Inmarsat Communication Services

People, businesses and communities are using Inmarsat to meet their own mission-critical communication needs. To use Inmarsat the aircraft needs to be installed with appropriate equipment comprising an antenna – typically installed on the top of the aircraft fuselage – and ‘avionics’ (aircraft electronics installed within the fuselage), normally in the aircraft electronics bay or similar. The system automatically logs on to the Inmarsat network when the aircraft powers up.The Inmarsat system will automatically send or receive voice, ACARS or other communications to or from the aircraft as required, wherever the aircraft flies. If no communications activity is registered, the relevant Inmarsat ground earth station then periodically sends ‘polling signals’ or ‘handshakes’ to the satellite, which relays them to the aircraft. If the aircraft is still operating, an acknowledgement signal, containing basic system information, is sent back to the ground earth station from the aircraft. This includes its unique identification code, and confirmation the aircraft satcom is still operating and available for communications, if required.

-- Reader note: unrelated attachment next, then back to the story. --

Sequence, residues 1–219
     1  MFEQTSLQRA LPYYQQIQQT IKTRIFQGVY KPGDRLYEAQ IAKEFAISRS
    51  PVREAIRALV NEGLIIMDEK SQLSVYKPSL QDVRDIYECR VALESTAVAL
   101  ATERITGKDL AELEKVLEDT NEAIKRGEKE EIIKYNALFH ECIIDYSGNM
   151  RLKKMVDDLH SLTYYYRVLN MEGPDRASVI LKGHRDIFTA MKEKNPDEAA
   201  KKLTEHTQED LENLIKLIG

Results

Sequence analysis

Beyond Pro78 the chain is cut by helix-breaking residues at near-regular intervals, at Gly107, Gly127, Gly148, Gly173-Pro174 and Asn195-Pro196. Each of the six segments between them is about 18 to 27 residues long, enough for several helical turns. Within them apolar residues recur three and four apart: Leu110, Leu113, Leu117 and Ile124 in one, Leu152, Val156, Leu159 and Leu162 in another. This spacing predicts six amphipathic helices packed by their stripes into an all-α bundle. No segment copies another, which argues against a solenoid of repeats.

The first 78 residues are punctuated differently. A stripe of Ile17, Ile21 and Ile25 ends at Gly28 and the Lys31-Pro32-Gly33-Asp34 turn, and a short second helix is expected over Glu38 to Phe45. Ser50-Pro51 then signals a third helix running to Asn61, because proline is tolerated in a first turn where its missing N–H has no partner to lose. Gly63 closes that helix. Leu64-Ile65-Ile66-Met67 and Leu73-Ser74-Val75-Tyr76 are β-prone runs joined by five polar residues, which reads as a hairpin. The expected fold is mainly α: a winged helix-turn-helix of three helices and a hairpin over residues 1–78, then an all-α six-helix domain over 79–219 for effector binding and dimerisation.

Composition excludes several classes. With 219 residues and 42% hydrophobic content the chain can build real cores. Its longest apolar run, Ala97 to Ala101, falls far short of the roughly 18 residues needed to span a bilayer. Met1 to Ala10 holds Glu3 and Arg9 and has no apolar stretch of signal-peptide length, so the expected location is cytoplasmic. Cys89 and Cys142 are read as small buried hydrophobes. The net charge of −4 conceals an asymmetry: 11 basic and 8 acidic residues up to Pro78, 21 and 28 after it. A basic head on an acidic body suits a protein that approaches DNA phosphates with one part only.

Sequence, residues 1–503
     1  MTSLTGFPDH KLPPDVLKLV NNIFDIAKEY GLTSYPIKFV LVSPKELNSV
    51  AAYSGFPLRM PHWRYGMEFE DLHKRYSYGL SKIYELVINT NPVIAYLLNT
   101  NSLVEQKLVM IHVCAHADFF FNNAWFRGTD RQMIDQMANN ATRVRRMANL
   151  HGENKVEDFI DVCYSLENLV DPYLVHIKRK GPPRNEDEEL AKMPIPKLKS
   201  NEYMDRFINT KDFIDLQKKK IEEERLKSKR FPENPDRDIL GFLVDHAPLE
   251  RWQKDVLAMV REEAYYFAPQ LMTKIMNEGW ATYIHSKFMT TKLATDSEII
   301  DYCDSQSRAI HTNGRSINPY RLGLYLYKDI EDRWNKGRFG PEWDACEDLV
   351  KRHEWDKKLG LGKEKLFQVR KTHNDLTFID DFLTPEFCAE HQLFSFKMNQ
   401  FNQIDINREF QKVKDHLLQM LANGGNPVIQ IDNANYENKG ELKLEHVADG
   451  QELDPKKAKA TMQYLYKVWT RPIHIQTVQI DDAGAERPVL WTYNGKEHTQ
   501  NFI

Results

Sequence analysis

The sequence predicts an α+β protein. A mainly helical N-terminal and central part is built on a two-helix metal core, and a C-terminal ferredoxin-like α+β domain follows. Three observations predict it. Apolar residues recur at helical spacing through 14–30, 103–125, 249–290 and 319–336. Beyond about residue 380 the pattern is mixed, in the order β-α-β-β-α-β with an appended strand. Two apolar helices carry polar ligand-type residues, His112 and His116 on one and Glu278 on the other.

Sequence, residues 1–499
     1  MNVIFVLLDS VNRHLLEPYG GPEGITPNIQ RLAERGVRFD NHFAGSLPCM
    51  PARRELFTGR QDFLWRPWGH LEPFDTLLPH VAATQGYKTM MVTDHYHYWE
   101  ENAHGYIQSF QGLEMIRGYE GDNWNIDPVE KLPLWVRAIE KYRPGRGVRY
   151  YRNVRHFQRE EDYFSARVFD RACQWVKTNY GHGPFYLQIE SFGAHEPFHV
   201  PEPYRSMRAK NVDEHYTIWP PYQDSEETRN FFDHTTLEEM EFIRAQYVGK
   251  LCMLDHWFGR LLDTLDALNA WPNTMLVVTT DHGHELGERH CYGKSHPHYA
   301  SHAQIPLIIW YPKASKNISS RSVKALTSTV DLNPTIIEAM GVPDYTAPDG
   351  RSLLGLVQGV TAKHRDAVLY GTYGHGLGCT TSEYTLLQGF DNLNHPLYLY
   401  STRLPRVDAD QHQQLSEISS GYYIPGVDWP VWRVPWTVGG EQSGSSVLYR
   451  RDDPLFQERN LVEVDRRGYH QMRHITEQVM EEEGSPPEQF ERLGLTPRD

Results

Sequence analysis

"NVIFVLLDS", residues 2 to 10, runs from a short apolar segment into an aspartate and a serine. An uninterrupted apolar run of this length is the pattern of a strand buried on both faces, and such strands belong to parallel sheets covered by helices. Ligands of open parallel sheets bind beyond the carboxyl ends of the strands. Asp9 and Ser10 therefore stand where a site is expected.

How does Inmarsat identify one aircraft from another?

All aircraft are given a unique code confirming its identity, linked to the tail number of the aircraft. The signal sent from an aircraft carries this unique code and cannot get confused with another aircraft.

How are Inmarsat’s services delivered?

Inmarsat’s suite of aviation services includes SwiftBroadband, Swift64 and Classic Aero, which are used by most of the world’s leading airlines, business jet operators, general aviation and government agencies.

What kind of services does Inmarsat provide for passenger communications?

Inmarsat Classic Aero services enable passengers to make phone calls from their in-seat phone, which often doubles up as the in-flight entertainment controller. Where Inmarsat’s SwiftBroadband service is available and a cabin Wi-Fi network is installed, passengers can stay connected to the internet throughout the flight using personal smartphones, tablets or laptops to send emails and texts. Where an aircraft is installed with a cabin GSM/GPRS pico cell system, SwiftBroadband is also used to allow passengers to use their own cellular mobile phones for both incoming and outgoing calls.


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